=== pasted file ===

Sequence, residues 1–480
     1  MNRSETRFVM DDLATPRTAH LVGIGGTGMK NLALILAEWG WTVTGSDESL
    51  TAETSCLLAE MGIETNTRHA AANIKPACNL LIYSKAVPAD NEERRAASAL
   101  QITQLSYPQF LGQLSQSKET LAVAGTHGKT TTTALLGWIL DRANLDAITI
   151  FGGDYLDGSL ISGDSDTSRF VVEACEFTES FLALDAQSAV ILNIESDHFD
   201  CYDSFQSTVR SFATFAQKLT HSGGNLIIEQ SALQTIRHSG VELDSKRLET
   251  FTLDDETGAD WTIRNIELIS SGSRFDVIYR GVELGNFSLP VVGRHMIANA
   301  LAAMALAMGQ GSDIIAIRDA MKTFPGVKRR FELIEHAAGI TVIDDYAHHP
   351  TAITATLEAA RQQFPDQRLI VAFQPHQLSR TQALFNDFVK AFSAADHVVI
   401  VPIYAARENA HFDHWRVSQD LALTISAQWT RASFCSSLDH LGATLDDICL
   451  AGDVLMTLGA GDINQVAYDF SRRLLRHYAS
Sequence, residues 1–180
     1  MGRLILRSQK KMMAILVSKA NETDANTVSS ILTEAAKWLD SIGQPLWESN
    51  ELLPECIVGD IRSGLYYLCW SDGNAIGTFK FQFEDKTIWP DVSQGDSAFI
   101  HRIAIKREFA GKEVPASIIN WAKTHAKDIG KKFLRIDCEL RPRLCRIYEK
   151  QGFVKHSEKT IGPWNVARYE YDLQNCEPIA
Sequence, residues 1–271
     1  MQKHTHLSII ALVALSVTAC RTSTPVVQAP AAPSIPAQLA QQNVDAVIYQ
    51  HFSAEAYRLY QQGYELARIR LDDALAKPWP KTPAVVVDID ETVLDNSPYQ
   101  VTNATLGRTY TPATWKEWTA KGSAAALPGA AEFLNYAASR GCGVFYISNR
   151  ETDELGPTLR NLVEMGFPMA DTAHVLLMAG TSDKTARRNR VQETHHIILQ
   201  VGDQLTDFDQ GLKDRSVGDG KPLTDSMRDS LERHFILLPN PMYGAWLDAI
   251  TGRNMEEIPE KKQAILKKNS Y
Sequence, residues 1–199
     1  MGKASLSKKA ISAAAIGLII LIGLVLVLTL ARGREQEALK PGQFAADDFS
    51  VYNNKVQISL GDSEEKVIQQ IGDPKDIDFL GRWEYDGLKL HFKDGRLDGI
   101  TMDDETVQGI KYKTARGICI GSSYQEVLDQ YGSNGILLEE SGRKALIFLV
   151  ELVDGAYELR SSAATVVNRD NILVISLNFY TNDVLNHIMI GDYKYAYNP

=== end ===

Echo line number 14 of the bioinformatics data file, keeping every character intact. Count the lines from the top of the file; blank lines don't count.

    51  ELLPECIVGD IRSGLYYLCW SDGNAIGTFK FQFEDKTIWP DVSQGDSAFI